Monday, November 23, 2015

Sometimes, Not So Tough






There are a few questions which can be answered by politicians in only one way. Is President Obama a Christian and was he born in the United States? The answer is yes, and not "I don't know" or "I have no reason to believe otherwise."  Another is "do you believe climate change is real?" The answer is "yes," not "I am not a scientist."

Another was prompted when Donald Trump yesterday claimed

There were people that were cheering on the other side of New Jersey, where you have large Arab populations. They were cheering as the World Trade Center came down. I know it might be not politically correct for you to talk about it, but there were people cheering as that building came down -- as those buildings came down. And that tells you something. It was well covered at the time, George.

Now, I know they don't like to talk about it, but it was well covered at the time.

There were people over in New Jersey that were watching it, a heavy Arab population, that were cheering as the buildings came down. Not good.

This would be a great, albeit disturbing, story if it had happened. Fortunately, it did not, and Politico's Nick Gass notes

Stephanopoulos noted twice during their interview that police have said that it did not happen, and The Washington Post, in its Sunday evening fact check, noted a Sept. 18, 2001, article in the Star-Ledger that called “rumors of rooftop celebrations of the attack by Muslims here proved unfounded.”

In response to the paper’s initial article, the Post’s Glenn Kessler noted that several people had tweeted to him a Post article from the same day, which reported that “within hours of two jetliners' plowing into the World Trade Center, law enforcement authorities detained and questioned a number of people who were allegedly seen celebrating the attacks and holding tailgate-style parties on rooftops while they watched the devastation on the other side of the river.”

The Post's report did not give an exact count on the number of people allegedly seen celebrating the collapse, though no known video footage exists, and Trump claimed he saw it on television.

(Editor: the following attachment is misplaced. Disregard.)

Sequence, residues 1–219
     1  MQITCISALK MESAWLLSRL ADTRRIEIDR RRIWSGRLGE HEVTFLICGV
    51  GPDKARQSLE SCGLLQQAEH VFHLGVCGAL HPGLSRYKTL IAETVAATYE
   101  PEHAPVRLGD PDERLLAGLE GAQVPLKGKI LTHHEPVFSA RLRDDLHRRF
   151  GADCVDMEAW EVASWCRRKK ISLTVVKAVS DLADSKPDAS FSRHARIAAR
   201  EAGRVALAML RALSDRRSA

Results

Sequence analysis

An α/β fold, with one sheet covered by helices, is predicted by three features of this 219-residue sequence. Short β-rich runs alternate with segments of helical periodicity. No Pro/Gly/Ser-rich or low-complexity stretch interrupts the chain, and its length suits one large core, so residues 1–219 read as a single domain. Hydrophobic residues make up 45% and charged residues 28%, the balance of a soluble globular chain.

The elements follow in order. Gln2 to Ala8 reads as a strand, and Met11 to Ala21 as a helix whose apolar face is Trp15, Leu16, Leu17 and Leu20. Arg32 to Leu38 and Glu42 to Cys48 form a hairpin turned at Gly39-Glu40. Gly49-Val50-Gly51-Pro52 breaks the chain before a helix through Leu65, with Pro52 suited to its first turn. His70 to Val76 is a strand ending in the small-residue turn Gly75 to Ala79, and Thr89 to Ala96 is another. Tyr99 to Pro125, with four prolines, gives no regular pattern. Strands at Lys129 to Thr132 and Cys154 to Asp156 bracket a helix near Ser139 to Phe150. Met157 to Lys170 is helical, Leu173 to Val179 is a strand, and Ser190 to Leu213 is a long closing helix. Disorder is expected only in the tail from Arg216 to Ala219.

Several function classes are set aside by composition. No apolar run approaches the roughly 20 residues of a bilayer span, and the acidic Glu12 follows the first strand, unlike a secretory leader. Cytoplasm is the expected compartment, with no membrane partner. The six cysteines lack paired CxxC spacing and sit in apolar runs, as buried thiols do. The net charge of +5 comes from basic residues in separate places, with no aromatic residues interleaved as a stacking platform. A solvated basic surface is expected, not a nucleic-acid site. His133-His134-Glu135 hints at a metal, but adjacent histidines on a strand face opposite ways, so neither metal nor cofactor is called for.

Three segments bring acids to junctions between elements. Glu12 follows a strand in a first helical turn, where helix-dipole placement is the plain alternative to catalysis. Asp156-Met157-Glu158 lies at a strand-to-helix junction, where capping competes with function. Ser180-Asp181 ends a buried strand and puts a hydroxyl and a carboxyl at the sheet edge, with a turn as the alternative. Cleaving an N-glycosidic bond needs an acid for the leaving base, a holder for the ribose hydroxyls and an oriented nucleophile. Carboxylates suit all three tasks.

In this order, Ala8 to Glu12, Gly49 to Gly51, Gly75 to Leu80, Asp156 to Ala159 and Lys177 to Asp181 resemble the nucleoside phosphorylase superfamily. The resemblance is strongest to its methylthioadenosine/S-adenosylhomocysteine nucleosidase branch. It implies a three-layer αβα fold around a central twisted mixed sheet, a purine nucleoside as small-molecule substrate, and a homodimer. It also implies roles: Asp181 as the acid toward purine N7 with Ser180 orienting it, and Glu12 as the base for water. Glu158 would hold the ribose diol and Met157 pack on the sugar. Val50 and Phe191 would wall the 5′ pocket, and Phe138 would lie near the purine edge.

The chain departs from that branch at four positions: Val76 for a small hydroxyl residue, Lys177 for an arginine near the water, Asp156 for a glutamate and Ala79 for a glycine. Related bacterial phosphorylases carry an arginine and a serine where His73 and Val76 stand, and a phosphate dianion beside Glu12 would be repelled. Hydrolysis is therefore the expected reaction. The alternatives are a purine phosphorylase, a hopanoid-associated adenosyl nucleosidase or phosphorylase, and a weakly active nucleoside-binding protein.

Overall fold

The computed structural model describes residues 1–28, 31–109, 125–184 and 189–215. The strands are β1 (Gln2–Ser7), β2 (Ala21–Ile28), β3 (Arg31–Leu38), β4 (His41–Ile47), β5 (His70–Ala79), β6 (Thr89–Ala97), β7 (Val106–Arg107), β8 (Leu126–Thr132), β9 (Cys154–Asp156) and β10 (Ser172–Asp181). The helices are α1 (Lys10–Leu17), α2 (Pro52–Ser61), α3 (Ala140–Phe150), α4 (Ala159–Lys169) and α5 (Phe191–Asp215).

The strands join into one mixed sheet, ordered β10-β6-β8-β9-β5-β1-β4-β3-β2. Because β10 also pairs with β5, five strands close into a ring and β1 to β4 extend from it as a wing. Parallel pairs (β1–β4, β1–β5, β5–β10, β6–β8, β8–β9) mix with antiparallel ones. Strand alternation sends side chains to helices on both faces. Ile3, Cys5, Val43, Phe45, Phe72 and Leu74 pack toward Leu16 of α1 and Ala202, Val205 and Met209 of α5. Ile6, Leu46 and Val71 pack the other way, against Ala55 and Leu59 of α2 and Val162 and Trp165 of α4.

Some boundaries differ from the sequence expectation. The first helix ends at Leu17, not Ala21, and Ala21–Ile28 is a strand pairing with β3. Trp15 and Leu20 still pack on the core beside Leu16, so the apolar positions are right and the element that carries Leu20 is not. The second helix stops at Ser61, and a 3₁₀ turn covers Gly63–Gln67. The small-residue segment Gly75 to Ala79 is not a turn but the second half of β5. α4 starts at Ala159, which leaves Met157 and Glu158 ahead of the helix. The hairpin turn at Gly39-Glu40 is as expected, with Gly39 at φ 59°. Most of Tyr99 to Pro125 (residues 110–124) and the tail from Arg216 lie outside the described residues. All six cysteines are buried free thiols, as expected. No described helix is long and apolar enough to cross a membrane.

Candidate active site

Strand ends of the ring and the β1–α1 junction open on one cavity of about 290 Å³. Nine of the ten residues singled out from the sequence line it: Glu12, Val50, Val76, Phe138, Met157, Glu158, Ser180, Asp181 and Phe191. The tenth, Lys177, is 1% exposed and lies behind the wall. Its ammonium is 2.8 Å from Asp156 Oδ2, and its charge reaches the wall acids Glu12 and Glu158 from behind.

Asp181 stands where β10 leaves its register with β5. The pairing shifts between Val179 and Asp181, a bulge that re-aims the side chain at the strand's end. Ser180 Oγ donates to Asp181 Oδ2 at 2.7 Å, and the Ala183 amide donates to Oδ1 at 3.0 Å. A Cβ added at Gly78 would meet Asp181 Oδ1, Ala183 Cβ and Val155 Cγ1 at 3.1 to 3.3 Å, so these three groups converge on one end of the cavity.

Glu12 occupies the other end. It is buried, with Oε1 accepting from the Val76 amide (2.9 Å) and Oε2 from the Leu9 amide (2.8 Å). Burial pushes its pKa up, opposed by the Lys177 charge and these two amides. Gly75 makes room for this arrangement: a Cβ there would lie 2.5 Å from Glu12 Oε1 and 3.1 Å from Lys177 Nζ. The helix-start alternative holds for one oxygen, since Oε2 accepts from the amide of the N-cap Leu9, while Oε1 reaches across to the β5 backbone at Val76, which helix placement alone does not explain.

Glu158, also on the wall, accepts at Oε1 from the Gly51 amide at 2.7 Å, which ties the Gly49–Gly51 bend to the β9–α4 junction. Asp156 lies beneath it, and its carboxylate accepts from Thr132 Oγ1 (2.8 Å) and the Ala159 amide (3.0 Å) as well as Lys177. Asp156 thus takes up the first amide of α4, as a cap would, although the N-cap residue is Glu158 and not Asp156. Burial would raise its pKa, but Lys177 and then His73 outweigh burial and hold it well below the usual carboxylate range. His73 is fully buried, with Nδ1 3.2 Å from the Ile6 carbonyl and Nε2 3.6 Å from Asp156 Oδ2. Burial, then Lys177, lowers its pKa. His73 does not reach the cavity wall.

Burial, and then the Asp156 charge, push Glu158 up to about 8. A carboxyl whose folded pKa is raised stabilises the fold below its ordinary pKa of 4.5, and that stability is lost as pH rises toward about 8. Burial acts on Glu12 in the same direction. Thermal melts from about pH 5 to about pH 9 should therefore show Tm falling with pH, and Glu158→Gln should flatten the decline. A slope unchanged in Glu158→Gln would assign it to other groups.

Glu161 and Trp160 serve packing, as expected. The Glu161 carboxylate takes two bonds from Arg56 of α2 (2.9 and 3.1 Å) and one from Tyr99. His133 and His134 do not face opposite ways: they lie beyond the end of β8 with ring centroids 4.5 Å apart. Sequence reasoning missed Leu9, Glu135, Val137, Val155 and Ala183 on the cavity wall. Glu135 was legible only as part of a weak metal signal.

The Democratic mayor of Jersey City, NJ (who is considered a likely candidate for his party's nomination to succeed Governor Chris Christie) tweeted "Either @realDonaldTrump has memory issues or willfully distorts the truth, either of which should be concerning for the Republican Party."

It's good to call out Trump for making this out but it shouldn't be only Democrats- and it shouldn't be only Trump who is fingered. We know who and what Donald Trump is, and the adjectives haven't been invented yet to describe him fully, though in his ridiculousness he still makes no less sense than his rivals for the Republican nomination.

NJ reporter Brent Johnson writes about the response of a guy who is wrong about most things but certain about everything:

"I don't recall that. I don't," Christie — who is running against Trump for the 2016 Republican presidential nomination — told reporters while on the campaign trail in New Hampshire. 

"It was a pretty emotional time for me because, as I've mentioned before, there's family involved, there were, you know, friends involved and so it was a pretty harrowing time," he said. "I do not remember that, and so it's not something that was part of my recollection. I think if it had happened, I would remember it, but, you know, there could be things I forget, too."

He added: "But I don't remember that, no."

Paraphrased, Christie is saying "I don't recall that but, oh gosh, I have such a bad memory."  The correct answer, however, is quite clear. "Trump is wrong" or as Tom Brokaw- usually of "the both sides do it" set- asserted "Trump is completely wrong."

If  even Tom Brokaw can say it, the governor of New Jersey can say it. Christie wasn't being asked to contradict Marco or Ted, one of whom he will have to heap praise upon once he is about to be nominated. It is Donald Trump, who has called staunch conservative columnist and pundit Charles Krauthammer a "clown," fellow Republican Ben Carson "pathological," and charged Hillary Clinton "can't satisfy her husband." And those are the things he has charged which may at least have a grain of truth.

But it's Chris Christie, who has called teachers "drug mules" and said teachers' unions deserve "a punch in the face,"  tried to provoke a fight on the boardwalk, and told someone else at the Jersey Shore to "sit down and shut up." Big, bold, and brash Christie now says "I would remember it but, you know, there could be things I forget, too."

This is significant because as the cartoon below from John Cole indicates, the appeal of the GOP does not include fear or misinformation. It is dependent upon it, and Governor Christie, former "moderate" hearththrob of the mainstream media, is as reluctant as almost any Republican candidate to challenge it.

Full of bluff and bluster, Chris Christie himself knows when to shut up, and that's when he's intimidated by someone like Donald Trump.











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